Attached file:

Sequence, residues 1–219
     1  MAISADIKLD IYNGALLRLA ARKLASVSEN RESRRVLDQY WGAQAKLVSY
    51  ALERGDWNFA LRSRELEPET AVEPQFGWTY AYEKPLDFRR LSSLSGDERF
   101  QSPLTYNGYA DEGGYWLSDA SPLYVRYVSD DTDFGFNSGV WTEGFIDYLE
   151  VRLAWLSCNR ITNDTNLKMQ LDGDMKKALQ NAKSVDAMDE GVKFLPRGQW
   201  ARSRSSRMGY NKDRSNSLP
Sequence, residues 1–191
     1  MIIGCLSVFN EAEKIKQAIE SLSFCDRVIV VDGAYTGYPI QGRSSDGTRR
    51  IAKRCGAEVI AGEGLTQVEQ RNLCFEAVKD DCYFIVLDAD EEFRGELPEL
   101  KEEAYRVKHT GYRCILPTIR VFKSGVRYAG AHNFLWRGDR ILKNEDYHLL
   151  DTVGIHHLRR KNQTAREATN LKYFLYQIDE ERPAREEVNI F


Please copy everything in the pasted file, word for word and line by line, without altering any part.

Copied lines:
Sequence, residues 1–219
     1  MAISADIKLD IYNGALLRLA ARKLASVSEN RESRRVLDQY WGAQAKLVSY
    51  ALERGDWNFA LRSRELEPET AVEPQFGWTY AYEKPLDFRR LSSLSGDERF
   101  QSPLTYNGYA DEGGYWLSDA SPLYVRYVSD DTDFGFNSGV WTEGFIDYLE
   151  VRLAWLSCNR ITNDTNLKMQ LDGDMKKALQ NAKSVDAMDE GVKFLPRGQW
   201  ARSRSSRMGY NKDRSNSLP
Sequence, residues 1–191
     1  MIIGCLSVFN EAEKIKQAIE SLSFCDRVIV VDGAYTGYPI QGRSSDGTRR
    51  IAKRCGAEVI AGEGLTQVEQ RNLCFEAVKD DCYFIVLDAD EEFRGELPEL
   101  KEEAYRVKHT GYRCILPTIR VFKSGVRYAG AHNFLWRGDR ILKNEDYHLL
   151  DTVGIHHLRR KNQTAREATN LKYFLYQIDE ERPAREEVNI F